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Output:

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`LinearRegression(copy_X=True, fit_intercept=True, n_jobs=1, normalize=False)`

Once the model is built on the training set, we can make the predictions. The *first line of code* below predicts on the training set. The *second and third lines of code* prints the evaluation metrics - RMSE and R-squared - on the training set. The same steps are repeated on the test dataset in the *fourth to sixth lines*.

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`pred_train_lr= lr.predict(X_train) print(np.sqrt(mean_squared_error(y_train,pred_train_lr))) print(r2_score(y_train, pred_train_lr)) pred_test_lr= lr.predict(X_test) print(np.sqrt(mean_squared_error(y_test,pred_test_lr))) print(r2_score(y_test, pred_test_lr))`

python

Output:

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`971.0295047627518 0.8685609551239368 1019.3232585671161 0.8396633322870104`

The above output shows that the RMSE, one of the two evaluation metrics, is 971 thousand for train data and 1019 thousand for test data. On the other hand, R-squared value is 87 percent for train data and 84 percent for test data, which is a good performance.

As discussed above, linear regression works by selecting coefficients for each independent variable that minimizes a loss function. However, if the coefficients are too large, it can lead to model over-fitting on the training dataset. Such a model will not generalize well on the unseen data. To overcome this shortcoming, we do regularization which penalizes large coefficients. The following sections of the guide will discuss the various regularization algorithms.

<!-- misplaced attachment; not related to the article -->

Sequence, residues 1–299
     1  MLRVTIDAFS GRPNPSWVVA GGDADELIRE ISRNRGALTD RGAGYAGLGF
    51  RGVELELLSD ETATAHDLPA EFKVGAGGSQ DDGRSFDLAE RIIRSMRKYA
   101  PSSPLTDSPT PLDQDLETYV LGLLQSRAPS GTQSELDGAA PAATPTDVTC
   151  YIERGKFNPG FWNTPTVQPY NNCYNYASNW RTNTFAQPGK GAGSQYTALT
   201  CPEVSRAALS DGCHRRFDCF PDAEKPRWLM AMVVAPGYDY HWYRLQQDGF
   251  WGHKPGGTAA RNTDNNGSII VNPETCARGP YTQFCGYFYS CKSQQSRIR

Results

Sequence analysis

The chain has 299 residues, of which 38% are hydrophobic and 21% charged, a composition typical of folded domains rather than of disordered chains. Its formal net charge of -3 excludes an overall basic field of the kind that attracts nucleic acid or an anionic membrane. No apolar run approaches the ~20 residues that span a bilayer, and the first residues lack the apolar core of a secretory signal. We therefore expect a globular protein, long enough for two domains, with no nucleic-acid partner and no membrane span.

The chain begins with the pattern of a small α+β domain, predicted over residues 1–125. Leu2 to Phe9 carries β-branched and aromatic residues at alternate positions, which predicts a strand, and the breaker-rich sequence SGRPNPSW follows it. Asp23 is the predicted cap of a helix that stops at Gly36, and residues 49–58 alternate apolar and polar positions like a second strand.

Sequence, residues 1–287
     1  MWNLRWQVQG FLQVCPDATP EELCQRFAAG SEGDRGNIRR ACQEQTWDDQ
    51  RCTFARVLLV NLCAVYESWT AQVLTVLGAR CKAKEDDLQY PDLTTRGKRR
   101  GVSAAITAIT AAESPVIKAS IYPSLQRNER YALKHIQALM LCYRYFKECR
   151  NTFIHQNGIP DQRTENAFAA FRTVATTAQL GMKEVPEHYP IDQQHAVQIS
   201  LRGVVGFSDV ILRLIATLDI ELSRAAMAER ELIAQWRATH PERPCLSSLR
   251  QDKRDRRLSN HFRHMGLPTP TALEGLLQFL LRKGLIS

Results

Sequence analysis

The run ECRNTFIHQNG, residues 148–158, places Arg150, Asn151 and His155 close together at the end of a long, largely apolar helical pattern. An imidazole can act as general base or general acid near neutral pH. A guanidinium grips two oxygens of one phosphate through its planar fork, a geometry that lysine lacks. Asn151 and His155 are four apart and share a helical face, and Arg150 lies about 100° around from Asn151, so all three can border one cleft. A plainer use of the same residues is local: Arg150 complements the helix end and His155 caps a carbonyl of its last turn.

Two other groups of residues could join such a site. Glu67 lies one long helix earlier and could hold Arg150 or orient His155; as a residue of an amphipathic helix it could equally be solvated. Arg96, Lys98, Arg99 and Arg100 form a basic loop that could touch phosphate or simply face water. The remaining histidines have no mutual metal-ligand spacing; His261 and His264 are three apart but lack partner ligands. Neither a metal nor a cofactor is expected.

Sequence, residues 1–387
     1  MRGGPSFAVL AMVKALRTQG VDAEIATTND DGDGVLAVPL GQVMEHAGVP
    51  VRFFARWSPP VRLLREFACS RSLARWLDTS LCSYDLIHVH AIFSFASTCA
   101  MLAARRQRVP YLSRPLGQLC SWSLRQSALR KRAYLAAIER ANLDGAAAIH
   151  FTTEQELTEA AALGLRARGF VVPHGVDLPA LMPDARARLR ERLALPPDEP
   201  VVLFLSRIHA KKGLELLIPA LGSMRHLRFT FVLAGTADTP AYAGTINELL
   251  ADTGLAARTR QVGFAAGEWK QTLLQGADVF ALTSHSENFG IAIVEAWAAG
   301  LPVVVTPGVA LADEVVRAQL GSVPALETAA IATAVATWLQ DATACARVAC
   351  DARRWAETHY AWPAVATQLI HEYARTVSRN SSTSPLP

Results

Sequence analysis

Ridge regression is an extension of linear regression where the loss function is modified to minimize the complexity of the model. This modification is done by adding a penalty parameter that is equivalent to the square of the magnitude of the coefficients.

**Loss function = OLS + alpha * summation (squared coefficient values)**

In the above loss function, alpha is the parameter we need to select. A low alpha value can lead to over-fitting, whereas a high alpha value can lead to under-fitting.

In scikit-learn, a ridge regression model is constructed by using the Ridge class. The *first line of code* below instantiates the Ridge Regression model with an alpha value of 0.01. The *second line* fits the model to the training data.

The *third line of code* predicts, while the *fourth and fifth lines* print the evaluation metrics - RMSE and R-squared - on the training set. The same steps are repeated on the test dataset in the *sixth to eight lines of code*.